Since we had a hen go broody several months ago, we’ve been planning the expansion of the chicken coop. We started with five girls last year, and after acquiring three new girls from a neighbor and having 4 babies hatch from our broody hen’s clutch, we now have a total of 12 chickens. The coop that was more than adequate for 5 girls was just a little snug for 12, both in the “bedroom” and the outdoor run. Never fear, husband to the rescue!
First, he laid a new, dug-in foundation of cinderblocks to prevent any pests from digging into the coop easily. Given the hardness of our all-clay soil, I’d be surprised if anything could dig under the coop in one night even without the blocks in the way, but doesn’t hurt to be safe. Then we moved the entire coop, chickens and all, using a hand truck and a lot of heaving and cussing. Fortunately, we only had to slide it over by the length of the coop.
After the coop was moved, Todd built a new run for the outside. He left the original coop roofed over, and the new run has a roof made of sturdy galvanized chicken wire. It more than doubled the fenced-in run space the girls have. Since we leave them in the run more often than not, we wanted to be sure they had adequate space to get away from one another and roam, and a place for me to throw treats and entertainment (it’s amazing what an entire uprooted cauliflower plant does for the activity level of the girls!)
Then he started in on the “bedroom”. Our original design was nice, with the nest boxes and roosts enclosed up above an open area on one side of the coop. It left more floor space “outside” that way, but it had a couple of inherent flaws. First, the girls’ exit door into the run flipped up instead of to the side. Being short, that presented a problem to me, given that it was over halfway up from the floor and I sometimes had a hard time latching it open at the top. And since it was up high, we had to have a ramp in the coop for the girls to climb up to their “bedroom”, which took up space and presented a lovely platform for poo-collecting. However, the biggest problem was cleaning the inside area; in order to clean the floor of the roosting area, we had to flip open the entire back of the coop, remove the nest boxes and roosts, and shovel it out. Big disruption to the girls, and not quick or easy for the humans.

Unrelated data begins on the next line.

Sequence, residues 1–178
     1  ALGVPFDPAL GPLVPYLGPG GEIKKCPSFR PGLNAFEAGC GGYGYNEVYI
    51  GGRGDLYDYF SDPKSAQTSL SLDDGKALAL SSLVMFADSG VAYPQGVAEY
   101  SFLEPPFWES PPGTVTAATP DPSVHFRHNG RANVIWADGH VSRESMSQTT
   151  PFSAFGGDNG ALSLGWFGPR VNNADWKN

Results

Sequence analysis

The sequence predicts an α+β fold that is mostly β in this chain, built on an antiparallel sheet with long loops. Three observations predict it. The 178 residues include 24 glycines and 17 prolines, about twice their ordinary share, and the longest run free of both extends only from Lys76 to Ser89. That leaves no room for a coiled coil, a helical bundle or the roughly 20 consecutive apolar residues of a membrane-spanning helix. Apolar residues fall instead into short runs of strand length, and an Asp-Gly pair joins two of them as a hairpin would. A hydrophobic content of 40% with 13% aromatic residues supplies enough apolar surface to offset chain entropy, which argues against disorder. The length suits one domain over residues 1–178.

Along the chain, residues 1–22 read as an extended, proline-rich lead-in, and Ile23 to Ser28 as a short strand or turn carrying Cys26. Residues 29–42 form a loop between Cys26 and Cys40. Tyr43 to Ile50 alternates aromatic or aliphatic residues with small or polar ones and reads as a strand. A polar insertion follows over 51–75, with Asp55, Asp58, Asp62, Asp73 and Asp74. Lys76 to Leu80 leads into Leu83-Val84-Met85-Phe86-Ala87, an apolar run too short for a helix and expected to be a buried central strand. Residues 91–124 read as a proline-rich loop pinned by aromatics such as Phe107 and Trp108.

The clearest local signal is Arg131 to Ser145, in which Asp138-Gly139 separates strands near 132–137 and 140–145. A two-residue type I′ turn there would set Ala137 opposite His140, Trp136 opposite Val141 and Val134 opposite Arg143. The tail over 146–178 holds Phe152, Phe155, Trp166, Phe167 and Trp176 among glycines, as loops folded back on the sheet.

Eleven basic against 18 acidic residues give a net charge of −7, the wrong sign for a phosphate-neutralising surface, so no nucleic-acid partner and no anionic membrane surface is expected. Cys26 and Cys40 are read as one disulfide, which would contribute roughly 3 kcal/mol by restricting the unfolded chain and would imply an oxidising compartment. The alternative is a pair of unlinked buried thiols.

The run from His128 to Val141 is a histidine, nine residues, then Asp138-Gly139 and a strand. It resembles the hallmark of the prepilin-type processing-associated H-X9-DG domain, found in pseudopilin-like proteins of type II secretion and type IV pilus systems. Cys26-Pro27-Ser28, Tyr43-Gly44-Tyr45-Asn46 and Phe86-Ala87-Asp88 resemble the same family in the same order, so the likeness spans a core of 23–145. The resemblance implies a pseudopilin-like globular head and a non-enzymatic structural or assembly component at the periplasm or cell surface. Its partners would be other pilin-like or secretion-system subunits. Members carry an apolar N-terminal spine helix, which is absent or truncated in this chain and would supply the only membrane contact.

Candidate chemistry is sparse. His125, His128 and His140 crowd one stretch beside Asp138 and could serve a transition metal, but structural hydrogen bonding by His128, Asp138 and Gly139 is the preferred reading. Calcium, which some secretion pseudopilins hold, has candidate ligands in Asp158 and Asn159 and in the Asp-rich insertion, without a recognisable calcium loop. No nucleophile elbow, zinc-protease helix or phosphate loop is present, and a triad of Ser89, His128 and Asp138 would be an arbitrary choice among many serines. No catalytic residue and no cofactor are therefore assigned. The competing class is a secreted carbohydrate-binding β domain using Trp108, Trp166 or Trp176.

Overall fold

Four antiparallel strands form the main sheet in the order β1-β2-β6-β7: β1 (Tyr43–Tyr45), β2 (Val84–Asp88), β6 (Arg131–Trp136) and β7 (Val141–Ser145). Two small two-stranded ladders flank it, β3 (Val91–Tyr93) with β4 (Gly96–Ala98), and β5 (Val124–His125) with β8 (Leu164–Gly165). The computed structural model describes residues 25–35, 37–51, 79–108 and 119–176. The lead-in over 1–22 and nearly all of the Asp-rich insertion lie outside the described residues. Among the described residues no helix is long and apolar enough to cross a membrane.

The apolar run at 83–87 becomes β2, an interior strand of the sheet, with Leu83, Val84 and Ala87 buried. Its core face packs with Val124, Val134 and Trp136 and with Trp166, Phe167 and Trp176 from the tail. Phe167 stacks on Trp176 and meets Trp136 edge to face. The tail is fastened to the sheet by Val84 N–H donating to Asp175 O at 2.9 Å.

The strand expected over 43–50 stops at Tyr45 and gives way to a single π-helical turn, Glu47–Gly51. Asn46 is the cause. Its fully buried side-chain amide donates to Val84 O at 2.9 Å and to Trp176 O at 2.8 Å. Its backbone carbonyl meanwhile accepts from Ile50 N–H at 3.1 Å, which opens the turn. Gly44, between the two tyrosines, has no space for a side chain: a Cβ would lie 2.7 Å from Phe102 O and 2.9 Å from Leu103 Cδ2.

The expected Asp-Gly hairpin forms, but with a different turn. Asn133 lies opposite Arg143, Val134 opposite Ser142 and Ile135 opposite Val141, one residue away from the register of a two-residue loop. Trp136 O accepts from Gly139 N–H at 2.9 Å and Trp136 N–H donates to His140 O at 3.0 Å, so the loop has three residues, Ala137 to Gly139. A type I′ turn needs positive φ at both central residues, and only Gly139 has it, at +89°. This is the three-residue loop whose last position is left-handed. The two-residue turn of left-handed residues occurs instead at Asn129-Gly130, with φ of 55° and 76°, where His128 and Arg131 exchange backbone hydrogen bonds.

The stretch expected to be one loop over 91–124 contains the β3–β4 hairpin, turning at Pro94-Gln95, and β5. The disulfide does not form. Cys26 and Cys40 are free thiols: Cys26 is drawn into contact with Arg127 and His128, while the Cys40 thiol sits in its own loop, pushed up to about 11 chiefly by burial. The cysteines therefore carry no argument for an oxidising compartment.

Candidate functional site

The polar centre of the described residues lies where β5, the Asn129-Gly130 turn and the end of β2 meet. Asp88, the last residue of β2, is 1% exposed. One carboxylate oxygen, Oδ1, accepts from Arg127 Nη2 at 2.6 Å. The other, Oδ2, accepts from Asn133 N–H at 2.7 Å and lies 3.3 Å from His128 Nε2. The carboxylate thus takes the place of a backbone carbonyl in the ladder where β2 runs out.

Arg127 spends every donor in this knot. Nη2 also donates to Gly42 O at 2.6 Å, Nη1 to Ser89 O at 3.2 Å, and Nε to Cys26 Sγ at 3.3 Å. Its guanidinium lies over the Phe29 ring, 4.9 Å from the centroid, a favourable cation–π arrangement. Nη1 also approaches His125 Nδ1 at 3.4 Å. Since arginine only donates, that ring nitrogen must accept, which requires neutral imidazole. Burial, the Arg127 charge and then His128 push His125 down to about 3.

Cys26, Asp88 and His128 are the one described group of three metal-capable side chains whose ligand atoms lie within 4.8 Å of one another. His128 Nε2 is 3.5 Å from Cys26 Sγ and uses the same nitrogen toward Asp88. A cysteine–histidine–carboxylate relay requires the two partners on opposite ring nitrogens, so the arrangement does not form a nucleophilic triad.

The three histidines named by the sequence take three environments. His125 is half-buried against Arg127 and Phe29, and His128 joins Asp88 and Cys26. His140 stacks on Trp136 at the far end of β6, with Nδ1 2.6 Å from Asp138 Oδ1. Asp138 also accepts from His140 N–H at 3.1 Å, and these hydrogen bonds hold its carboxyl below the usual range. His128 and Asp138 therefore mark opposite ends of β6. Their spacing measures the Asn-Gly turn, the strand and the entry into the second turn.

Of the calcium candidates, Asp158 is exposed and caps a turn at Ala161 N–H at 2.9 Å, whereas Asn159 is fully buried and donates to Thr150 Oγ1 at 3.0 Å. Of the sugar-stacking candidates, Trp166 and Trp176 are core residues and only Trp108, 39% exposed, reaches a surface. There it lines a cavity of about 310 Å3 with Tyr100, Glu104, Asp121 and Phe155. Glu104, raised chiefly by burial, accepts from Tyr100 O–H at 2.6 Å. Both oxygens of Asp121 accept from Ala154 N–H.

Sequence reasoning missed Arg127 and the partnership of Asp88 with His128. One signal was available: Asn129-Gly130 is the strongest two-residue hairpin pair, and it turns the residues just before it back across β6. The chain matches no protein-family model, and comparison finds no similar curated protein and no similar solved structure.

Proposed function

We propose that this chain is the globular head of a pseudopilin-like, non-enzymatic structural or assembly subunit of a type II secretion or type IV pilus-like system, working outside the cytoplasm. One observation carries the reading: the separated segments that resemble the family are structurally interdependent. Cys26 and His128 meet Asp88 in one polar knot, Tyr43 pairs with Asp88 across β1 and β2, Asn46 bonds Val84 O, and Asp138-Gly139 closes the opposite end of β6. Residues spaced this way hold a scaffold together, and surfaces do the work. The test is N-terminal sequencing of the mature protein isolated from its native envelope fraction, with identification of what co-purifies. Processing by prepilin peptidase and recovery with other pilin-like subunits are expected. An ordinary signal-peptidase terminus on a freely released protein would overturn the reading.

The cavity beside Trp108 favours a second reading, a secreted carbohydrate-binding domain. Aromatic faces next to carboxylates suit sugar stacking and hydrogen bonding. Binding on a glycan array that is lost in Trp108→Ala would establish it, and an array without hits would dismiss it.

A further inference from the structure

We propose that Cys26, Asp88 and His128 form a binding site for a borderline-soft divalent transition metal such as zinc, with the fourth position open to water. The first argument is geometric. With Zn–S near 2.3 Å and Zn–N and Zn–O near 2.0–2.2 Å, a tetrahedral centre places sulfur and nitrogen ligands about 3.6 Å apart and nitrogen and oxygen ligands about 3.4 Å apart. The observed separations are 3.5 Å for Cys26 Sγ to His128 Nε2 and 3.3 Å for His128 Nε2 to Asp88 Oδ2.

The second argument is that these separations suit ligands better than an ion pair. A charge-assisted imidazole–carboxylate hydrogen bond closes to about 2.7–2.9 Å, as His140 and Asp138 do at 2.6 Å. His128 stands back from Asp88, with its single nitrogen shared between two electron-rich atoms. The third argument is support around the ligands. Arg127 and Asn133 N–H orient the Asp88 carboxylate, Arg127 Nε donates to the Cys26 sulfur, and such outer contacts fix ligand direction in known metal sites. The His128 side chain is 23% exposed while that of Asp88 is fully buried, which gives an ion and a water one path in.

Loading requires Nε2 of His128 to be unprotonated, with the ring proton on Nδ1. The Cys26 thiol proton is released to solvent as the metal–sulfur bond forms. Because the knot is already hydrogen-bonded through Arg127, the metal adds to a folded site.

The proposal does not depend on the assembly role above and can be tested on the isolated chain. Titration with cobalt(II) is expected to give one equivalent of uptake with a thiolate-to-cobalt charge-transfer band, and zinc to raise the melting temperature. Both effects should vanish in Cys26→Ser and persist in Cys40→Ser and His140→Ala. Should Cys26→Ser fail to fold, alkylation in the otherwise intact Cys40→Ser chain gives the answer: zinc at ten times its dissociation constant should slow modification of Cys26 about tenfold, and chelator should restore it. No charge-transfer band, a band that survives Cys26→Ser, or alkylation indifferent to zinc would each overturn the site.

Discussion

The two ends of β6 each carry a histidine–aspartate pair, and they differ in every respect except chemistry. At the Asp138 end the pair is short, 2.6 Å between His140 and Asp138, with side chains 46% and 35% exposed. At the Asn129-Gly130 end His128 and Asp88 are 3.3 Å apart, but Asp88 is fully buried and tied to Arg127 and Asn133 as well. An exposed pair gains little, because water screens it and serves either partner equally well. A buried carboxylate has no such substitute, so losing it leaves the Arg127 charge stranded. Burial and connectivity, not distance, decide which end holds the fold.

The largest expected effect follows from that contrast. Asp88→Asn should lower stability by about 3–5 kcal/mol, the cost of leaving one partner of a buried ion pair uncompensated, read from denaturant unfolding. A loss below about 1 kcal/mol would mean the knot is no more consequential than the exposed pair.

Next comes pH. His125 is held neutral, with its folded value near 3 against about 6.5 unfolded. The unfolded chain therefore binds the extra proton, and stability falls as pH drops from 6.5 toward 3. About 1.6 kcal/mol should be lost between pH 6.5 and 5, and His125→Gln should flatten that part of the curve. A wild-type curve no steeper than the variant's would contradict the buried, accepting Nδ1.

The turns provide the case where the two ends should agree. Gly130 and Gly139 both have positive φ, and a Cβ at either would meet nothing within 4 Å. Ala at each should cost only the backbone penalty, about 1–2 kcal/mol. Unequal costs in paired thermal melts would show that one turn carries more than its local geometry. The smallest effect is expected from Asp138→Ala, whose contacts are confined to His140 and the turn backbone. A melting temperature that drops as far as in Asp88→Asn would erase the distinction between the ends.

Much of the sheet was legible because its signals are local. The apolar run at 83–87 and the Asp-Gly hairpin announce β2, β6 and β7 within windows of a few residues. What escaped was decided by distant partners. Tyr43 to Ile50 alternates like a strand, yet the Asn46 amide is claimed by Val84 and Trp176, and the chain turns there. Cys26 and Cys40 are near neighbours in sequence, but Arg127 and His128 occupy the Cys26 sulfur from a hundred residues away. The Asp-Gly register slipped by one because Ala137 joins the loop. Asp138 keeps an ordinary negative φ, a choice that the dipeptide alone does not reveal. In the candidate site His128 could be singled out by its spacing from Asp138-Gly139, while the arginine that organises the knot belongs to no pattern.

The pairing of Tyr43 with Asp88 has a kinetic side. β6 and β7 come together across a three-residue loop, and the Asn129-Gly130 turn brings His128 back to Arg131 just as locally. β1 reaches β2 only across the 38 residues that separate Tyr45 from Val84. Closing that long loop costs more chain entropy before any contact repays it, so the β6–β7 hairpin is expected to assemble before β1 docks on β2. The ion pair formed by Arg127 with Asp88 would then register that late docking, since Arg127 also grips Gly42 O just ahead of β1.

Human Access DoorThe door into the run/coop from the outside. The girls know I’m going to open it soon!
The new setup has less “outdoor” space, since the area under the nest boxes and roosts has been enclosed, but they can walk in and out of it all day as they like, so they’re not really out any floor space. Since it’s siding over chicken wire, the back and sides of the bottom enclosed area can be opened up during the day in the summer for ventilation and closed up again at night to provide added protection from weather and predators. And since the floor of the space is now at the same level as the rest of the coop’s floor, and there’s a human-sized door to access the area, I can just rake out the floor. Yay! We’re also working on a small storage area inside above one of the nest boxes, to store small containers of grit, oyster shell, and scratch.
The “Bedroom”Two roost bars are natural tree branches from an old lilac of ours, and two are squared wooden rods, so they can choose whichever they like. There are now four nest boxes, the rightmost being the brood box the four little ones standing on it were hatched in. Above that box will be a new storage cupboard. The bottom left, back, and right panels can be removed for ventilation as there is also sturdy chicken wire in place.
The girls have gone from 3 nest boxes, two very short roosts and one longer one to four full-length roosts and 4 nest boxes. When we put them inside it last night, they sat and gabbled loudly, just as if one of them had just laid an egg. Complete confusion! We apparently upset their long-established roosting order, and everyone had to call dibs on a new bit of roost. Two even went back to their old habit of trying to roost in the nest boxes. The four little ones decided they’d be safest up on top of the only flat-topped nest box, and we didn’t discourage them last night. Soon that’s where the storage area will be, so it’ll be a moot point.
The New Wall
The entire roost/nest box area used to only take from the center bar upward. Instead, we’ve moved the chicken access to the lower left floor, removing the need for a ramp, and we’ve installed a human-access door to make cleaning easier. Everything can be locked if necessary, but we usually just latch it.
Poor little ones spent all day inside the roosting area, since they’re new to the flock and smaller than the other girls. I gave them their old feeder full of adult (high protein, all organic) feed and their old waterer full of clean water. Once they assimilate a little better into the pecking order in a week or two, I’ll remove the extra feeder and waterer, but for now I’d rather they not be starving and dehydrated as well as stressed out!